Planning the pages: 2019 edition

Another year, another list.

Buncha words. I still should mop the floor.

As I did last year, I’ve decided to try and remove a fair bit of the indecision that surrounds my reading. I’ve got a metric fuckton of unread books to go through, and I get paralysed with choice when I finish something. Which of the thousands – yes, literally – comes next?

So, I made a list. This one might be a bit more legible than last year’s one, but it’s probably just as unattainable, completion-wise. That doesn’t matter, though: the list provides some structure, and something that gives a good endorphin burst each time I can put a red read line through anything.

What’s on the list for 2019 is this:

  • Haruki Murakami: Killing Commendatore. I’ve been a Murakami fan for a long time, though have found a bit of his recent stuff a little eh. I’ve heard this one has problems, but am keen to see for myself.
  • Homer: Odyssey. As per last year, I’m excited about the Emily Wilson translation, which I think will be a blast.
  • Virgil: Aeneid. The Ferry translation, which I once again did not read last year.
  • Walter Isaacson: Leonardo da Vinci. Second appearance on the list, and still keen to learn more about the inventor/artist/oddbod.
  • Joanna Ebenstein: Death: A Graveside Companion. Morbid much? Hell, a memento mori is a good thing to see, on occasion, which is good as the book’s full of them. I dunno, there’s just something a bit beautiful and creepy about skulls.
  • Umberto Eco: On Beauty. A dissection, I hope. If anything can explain the modern view of what’s considered gorgeous, it’d be a book by a guy fixated with monks and such.
  • Umberto Eco: On Ugliness. A bit hard to do one without the other, really.
  • Dennis Covington: Salvation on Sand Mountain. I’d wanted to read this one for a while but hadn’t found a physical copy, so was glad to see it was available as an ebook. It’s a non-fiction tale of snake-handling, strychnine-drinking faith healers. Oh, and attempted murder.
  • Wu Cheng’en: Journey to the West. One more time around. Gotta get through it this year. It’s the unexpurgated version from the Foreign Language Press of Beijing and has thousands of pages and therefore, I assume, thousands of scenes where Monkey is awesome.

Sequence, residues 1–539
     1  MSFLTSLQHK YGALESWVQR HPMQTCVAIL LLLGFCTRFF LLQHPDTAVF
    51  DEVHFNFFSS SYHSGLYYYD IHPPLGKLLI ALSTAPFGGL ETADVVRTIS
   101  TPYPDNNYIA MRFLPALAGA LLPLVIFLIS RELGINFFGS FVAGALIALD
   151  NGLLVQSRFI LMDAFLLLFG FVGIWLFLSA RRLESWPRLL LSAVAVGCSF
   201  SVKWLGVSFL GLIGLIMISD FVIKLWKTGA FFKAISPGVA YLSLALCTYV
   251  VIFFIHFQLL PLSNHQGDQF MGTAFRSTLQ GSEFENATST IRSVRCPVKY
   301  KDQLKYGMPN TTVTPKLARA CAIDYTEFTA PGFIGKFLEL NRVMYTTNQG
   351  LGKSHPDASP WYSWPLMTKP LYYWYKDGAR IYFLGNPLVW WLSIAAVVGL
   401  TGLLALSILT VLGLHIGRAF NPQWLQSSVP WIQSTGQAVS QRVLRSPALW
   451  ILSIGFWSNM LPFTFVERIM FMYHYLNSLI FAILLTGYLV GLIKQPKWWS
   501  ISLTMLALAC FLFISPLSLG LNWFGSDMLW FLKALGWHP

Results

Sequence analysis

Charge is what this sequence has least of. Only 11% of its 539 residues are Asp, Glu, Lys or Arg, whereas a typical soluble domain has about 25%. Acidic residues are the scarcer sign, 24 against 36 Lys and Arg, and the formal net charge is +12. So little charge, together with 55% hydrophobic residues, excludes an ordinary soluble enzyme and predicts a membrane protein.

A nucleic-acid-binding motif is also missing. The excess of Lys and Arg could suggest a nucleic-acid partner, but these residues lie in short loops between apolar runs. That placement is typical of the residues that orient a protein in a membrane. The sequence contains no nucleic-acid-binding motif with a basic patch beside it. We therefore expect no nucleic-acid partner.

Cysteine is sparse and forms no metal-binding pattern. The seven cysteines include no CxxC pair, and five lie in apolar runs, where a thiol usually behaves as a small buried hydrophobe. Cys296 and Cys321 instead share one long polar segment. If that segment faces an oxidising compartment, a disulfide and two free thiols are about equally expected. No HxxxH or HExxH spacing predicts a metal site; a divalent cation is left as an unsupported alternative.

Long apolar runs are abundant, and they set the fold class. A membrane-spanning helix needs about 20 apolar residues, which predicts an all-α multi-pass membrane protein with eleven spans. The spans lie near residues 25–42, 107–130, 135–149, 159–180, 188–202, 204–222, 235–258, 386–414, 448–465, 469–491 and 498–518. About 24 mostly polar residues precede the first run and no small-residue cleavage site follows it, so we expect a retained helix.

• Peter Ackroyd. In general, really. I still haven’t made a dent on his History of England series, and so hope to get though some of those. Failing that, I’ve his history of queer London to read, and a reread of Hawksmoor to line up.
  • Matt Ruff: Lovecraft Country. I dug The Night Ocean despite its faults, and want to read more alt-Lovecraft stuff. This one seems well regarded, and has been on my radar for a while.
  • Hilary Mantel: Wolf Hall. (Yes, and the follow-up too I guess.) Another historical blockbuster I appear to have missed, even though it seems right up my alley. So, let’s rectify that.
  • Hitchcock bio. I’ve a couple to choose from: Donald Spoto’s The Life of Alfred Hitchcock or Patrick McGilligan’s Alfred Hitchcock: A Life in Darkness and Lights. There’s also Dan Aulier’s Hitchcock’s Secret Notebooks and François Truffaut’s Hitchcock/Truffaut waiting to be read. I’ve also got a book of critical essays on North by Northwest that I’d like to get around to sometime.
  • Fyodor Dostoevsky: Crime and Punishment. This is one I’ve read before, and I remember it being gripping as hell, even though I was reading one of the cheapest copies I could find – and therefore probably one of the more elderly translations. I’m keen to read the Ready translation, as it’s been the recipient of much applause.
  • Kalevala. Sooooo I misspelled it on my list, placing me behind the eight ball before I’ve even started. I’ve an Oxford translation of this Finnish compilation of mythology and folklore and am keen to see what totems and gods are like with lots of umlauts.
  • Malcolm Lowry: Under the Volcano. I’ve no idea what current events could’ve made me want to read about British governmental failures, but here we are. It was a random pick from my shelf of orange-spine Penguin paperbacks and I’m pretty intrigued.
  • Indian epic. There’s a couple to choose from. But at hand, I have versions of the Mahābhārata and the Rāmāyana that I’d like to get through. (Both will probably be a bit much in one year, though, as they’re pretty massive, even in abridged form.) Indian mythology is something I know precious little about, and I’d like to get past the stereotypes, frankly. Interest was sparked once more after last year’s THUG LIFE read.
  • Norse epic. I’ve a couple more of these to choose from as there’s a wealth of them in print. My desire to read was probably prompted by Kratos & Son, but I’ve always intended to learn a lot more about these stories. Not sure if I’ll get into the Edda or the Völsunga saga or something else, but I’m excited.
  • Robert Graves: The Claudius Novels. No, they’re not historically accurate. But I enjoyed the hell out of the TV adaptation – impossible to do otherwise with a Caesar like this, frankly – and I’m keen to get to the source. Well, not the actual source, as that’d be reading more Suetonius or something – but the pop-source.
  • Brian Azzarello and Eduardo Risso: 100 Bullets. I read more graphic novels last year than I’d intended, and got through a couple of bigger series. (They’re great for defragging between ancient tomes, frankly.) This pulp revenge tale has interested me for years, and when it came up cheap on Comixology, I had to nab it.
  • Julia Kite: Hope & Anchor. This one’s entirely due to a friend’s reaction to the book. I spent a couple of years in London – partially why I like Ackroyd’s stuff – and this mystery of frustration seemed to be something I could really get on board with.